A potential trade dispute between the United States and the European Union is looming over the issue of copyright protections on music recordings. RFE/RL examines the legal background of an emerging controversy over who can profit during the next decade from the legacy of pop-culture icons like Elvis Presley, the Beatles, and the Rolling Stones.
Prague, 9 January 2003 (RFE/RL) -- The European Union's 50-year copyright protection rule on musical recordings is allowing thousands of records from the early 1950s to enter the public domain in Europe -- even though U.S. law protects the rights of record producers until 95 years after a recording is first released. Industry experts say the difference between U.S. and EU copyright laws on musical recordings could lead to a trade dispute during the next decade.
That's because the earliest records by musicians that continue to have a mass-marketing appeal -- pop icons like Elvis Presley, Bob Dylan, the Beatles, and the Rolling Stones -- are all due to enter the public domain in Europe during the next 10 years. Yet those same recordings will remain under exclusive copyright control in the U.S. market for an additional 45 years.
On one side of the emerging dispute is a powerful lobby group that represents U.S. music corporations -- the Recording Industry Association of America (RIAA). The RIAA helped successfully lobby the U.S. Congress in 1998 to extend existing U.S. copyright protections by 20 years. On the other hand is an EU copyright directive that took effect in 1996 after complex international trade negotiations.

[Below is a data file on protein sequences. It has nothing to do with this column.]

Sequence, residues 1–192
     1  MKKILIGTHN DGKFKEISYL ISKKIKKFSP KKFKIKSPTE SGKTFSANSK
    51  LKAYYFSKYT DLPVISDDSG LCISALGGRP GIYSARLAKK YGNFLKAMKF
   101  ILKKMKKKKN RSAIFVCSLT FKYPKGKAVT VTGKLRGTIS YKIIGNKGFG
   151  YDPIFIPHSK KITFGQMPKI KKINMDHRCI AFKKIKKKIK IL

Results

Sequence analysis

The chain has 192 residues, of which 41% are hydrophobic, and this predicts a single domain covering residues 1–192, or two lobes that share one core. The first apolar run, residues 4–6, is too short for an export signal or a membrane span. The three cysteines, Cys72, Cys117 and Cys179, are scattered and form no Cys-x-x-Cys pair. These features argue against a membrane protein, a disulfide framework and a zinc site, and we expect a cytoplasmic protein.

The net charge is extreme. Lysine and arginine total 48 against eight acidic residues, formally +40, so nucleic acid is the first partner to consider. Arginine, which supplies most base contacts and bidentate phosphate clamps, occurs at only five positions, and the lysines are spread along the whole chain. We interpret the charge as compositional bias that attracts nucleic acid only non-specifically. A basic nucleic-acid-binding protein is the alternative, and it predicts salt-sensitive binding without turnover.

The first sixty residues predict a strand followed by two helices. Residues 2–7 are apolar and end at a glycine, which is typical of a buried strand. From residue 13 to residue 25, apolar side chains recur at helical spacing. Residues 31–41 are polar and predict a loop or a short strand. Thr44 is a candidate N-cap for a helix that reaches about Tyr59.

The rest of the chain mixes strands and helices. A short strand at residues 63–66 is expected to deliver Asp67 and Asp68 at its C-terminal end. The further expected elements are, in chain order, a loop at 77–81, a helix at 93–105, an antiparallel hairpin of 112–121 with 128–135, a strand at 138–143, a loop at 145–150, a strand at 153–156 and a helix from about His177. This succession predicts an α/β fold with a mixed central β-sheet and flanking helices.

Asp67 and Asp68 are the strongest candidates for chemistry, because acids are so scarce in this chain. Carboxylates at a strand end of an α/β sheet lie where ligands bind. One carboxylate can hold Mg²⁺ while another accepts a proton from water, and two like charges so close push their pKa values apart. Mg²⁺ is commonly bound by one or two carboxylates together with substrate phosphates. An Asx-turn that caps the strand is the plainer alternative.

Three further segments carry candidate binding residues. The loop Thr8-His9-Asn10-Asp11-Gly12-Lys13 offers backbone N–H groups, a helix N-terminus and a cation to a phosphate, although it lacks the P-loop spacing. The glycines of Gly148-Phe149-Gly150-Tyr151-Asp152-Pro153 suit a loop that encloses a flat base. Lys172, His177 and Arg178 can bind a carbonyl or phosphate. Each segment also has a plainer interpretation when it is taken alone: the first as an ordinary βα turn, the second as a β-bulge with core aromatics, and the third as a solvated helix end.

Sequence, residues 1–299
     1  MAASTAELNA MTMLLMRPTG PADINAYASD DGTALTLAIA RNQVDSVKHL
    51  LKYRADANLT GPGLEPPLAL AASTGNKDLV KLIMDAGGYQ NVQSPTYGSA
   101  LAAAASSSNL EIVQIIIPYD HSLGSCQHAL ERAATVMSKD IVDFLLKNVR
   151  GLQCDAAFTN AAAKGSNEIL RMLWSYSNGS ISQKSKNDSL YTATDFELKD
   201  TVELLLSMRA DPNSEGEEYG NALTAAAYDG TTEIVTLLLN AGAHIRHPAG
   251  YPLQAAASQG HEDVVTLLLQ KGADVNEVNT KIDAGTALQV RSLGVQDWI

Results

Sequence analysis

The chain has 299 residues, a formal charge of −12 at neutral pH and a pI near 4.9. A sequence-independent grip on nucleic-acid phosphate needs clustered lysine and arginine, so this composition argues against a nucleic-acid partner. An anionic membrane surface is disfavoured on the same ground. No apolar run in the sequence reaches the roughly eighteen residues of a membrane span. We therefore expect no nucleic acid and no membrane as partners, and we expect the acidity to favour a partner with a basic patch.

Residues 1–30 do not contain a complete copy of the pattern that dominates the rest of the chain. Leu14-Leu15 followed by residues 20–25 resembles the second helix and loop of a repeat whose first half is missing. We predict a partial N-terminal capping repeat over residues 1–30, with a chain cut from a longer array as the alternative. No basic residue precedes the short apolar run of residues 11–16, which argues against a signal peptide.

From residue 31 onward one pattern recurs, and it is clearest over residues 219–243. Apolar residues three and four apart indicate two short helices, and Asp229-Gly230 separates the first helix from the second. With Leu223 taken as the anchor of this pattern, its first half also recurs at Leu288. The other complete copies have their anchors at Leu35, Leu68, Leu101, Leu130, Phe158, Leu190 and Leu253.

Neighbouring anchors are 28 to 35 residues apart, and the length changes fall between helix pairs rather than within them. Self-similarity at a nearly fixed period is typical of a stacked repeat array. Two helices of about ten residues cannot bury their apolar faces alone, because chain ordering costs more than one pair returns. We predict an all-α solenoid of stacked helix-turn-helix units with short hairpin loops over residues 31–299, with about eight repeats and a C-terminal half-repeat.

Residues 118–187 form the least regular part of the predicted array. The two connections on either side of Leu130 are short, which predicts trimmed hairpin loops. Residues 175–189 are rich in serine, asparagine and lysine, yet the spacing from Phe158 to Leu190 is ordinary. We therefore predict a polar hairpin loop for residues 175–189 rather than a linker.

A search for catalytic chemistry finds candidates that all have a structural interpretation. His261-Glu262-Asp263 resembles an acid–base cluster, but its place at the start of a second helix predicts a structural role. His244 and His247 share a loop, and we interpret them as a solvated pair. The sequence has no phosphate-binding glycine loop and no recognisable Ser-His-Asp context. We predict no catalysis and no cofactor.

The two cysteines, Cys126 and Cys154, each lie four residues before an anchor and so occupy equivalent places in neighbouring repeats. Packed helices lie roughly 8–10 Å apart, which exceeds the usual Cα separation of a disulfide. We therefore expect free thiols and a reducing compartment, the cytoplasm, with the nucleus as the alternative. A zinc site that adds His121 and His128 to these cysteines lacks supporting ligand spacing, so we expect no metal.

Stefan Krawczyk is the Eastern European regional director of the International Federation of the Phonographic Industry (IFPI). He told RFE/RL that the EU directive has, in fact, helped the record industry protect many of its interests by harmonizing laws across all EU countries. "We're very fortunate to have a whole range of harmonized laws on copyright in the European Union. It's about a half-dozen harmonization directives that clearly and exclusively deal with copyright issues and neighboring rights -- the rights of performers and phonogram [any recorded audio product, such as CDs, vinyl records, cassettes, etc.] producers, as well as songwriters."
Krawczyk said that the EU directive also has encouraged EU candidate states in Central and Eastern Europe to bring their own copyright laws in line with Brussels and the World Trade Organization (WTO) in order to meet the conditions of EU membership. "Most of these countries -- the [EU] accession countries -- have already implemented these harmonization directives [or] are really at the final stages of implementing them. And you can see that from the progress reports issued by the European Commission very recently about accession progress. The legislative part of their work is almost done."
The key difference between the U.S. and EU laws involves only the recordings of music. In both the United States and Europe, the publishing rights for those who write a musical composition are equal to the life of the composer plus 70 years. That means that the families of composers continue to collect royalties on performances of a song by other artists until 70 years after the composer has died.
Thus, those most affected by the differences between the U.S. and EU laws are the companies that produce a hit record and the original recording artist -- not the person who wrote the music.
Neil Turkewitz, the RIAA's executive vice president for international affairs, told "The New York Times" this week that he is concerned the EU law will allow cheap European CDs to undercut the U.S. domestic price for legendary music recordings. Turkewitz contends that the import into the United States of such recordings in the form of EU-produced public-domain CDs would constitute an act of piracy. As a result, the RIAA is attempting to convince U.S. authorities to erect a customs barrier to prevent such European products from entering the United States.